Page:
With Starmer and Rayner being elected as Labour’s new leader and deputy respectively, News Editor Alex Boscott looks back on his interviews with them in 2019

News Editor

On Saturday 4th April, A new era began for Labour as Keir Starmer took over from Jeremy Corbyn as leader, with Angela Rayner becoming the party’s new deputy leader.

Last year, I was able to speak to Starmer as he visited the University of Birmingham to conduct a lecture on Labour’s policy regarding Brexit.

At the time of our meeting, Labour had published its list of demands to Theresa May’s Government which were to be met for the party to agree to any future Brexit deal.

However, omitted from the demands was a concrete demand for a public vote on the deal – something Starmer had pressed for with urgency. He told me that Corbyn’s letter didn’t ‘take [a public vote] off the table.’ His commitment to maintaining a close relationship with the EU in my interview with him was evident – a stark contrast to Corbyn’s mild tone on the subject.

Starmer was quick to extinguish any suggestion of a disconnect between the leadership and himself, declaring that there was ‘no inconsistency at all.’ As we have since discovered that was not the case – with Starmer’s leadership bid highlighting his desire to drive Labour’s policy away from Corbynism.

What could his tenure as leader look like? What direction will a Labour party without Corbyn at the helm go? This is yet to be seen. His enthusiasm to drive policy was clear as he was determined to ‘wrestle control from the executive’ in order to retain Labour’s influence over the Conservative’s Brexit policy. How he will achieve this goal as leader of a bruised and battered party, following the 2019 General Election defeat to the Conservatives, is unclear.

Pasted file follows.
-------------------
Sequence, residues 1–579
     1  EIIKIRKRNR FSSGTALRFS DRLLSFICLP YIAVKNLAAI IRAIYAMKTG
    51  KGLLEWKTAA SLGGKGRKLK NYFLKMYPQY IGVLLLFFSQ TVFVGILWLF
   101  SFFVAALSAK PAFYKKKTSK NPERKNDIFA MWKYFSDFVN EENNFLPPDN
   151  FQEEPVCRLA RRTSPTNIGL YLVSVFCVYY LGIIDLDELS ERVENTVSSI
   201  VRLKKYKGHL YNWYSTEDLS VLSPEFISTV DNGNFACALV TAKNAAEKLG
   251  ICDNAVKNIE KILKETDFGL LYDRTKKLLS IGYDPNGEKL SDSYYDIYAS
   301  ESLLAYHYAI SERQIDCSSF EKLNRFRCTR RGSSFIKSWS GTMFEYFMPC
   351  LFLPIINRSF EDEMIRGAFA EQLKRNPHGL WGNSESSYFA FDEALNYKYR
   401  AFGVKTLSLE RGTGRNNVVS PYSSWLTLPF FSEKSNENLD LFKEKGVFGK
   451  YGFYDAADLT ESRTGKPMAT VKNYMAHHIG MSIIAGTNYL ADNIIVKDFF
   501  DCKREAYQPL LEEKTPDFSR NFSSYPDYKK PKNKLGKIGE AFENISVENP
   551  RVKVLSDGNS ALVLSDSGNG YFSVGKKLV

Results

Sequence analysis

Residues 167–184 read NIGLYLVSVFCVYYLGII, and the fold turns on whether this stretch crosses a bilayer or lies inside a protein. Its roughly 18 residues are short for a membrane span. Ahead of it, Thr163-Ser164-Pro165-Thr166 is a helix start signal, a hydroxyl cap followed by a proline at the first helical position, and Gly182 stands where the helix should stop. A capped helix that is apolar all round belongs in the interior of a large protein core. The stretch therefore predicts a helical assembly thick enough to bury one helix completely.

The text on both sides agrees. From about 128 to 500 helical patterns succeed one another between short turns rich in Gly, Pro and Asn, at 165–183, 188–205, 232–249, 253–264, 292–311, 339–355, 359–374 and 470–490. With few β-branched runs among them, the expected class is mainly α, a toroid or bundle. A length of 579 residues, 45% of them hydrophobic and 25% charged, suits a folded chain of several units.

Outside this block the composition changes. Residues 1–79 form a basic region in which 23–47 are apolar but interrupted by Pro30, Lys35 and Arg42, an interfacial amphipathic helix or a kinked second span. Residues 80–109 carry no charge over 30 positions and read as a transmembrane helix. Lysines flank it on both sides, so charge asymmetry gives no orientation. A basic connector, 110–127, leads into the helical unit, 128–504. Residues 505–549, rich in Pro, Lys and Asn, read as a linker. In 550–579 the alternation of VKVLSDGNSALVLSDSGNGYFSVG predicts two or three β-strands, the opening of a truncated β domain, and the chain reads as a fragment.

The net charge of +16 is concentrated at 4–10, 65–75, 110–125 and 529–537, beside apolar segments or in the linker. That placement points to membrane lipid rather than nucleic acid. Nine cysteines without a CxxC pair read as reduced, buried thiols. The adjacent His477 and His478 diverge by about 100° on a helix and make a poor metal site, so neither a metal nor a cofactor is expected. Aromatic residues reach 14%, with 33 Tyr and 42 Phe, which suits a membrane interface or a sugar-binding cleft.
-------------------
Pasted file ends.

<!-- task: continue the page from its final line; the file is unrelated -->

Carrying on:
After speaking with Starmer in February, I spoke to the then Shadow Education Secretary, Angela Rayner, at Labour’s Birmingham election rally in December. 

Rayner spoke with passion about wanting to ‘[make sure] we have good technology in this country and good jobs’ whilst also insisting that a Labour-led government would ensure that the UK would play its role in the world in ‘a sustainable way.’

Her answer to my question of ‘why should students vote the Labour Party’ was centred around the key theme of ‘hope’ and her desires to radically change society. Her drive was clear from our interview but her solid commitment to the 2019 manifesto was also evident as she told members that she was ‘proud to stand on a manifesto… which says that we will abolish tuition fees.’

Her support for the rejected pledges of the party could spell trouble for the leadership in the future, as Starmer was quick to call for a complete overhaul of the Labour movement: ‘We […] have a duty to rebuild, starting now’, he told constituents upon his re-election as MP for Holborn and St Pancras.

With Rayner’s drive for radical change and Starmer’s desire to shift away from the politics of Jeremy Corbyn, developing a coherent political message for Labour will be crucial in the coming months. As the finalisation of a UK-EU trade deal looks set to be delayed due to the COVID-19 outbreak, time may be on the side of the new Labour leadership for them to combat Johnson on key policy decisions head-on.

More from Redbrick on the Labour Party:

Labour Leadership: The Corbyn Years In Review

The Labour Leadership Race: How the Left is Treating the Symptoms Rather Than the Cause of Its Crisis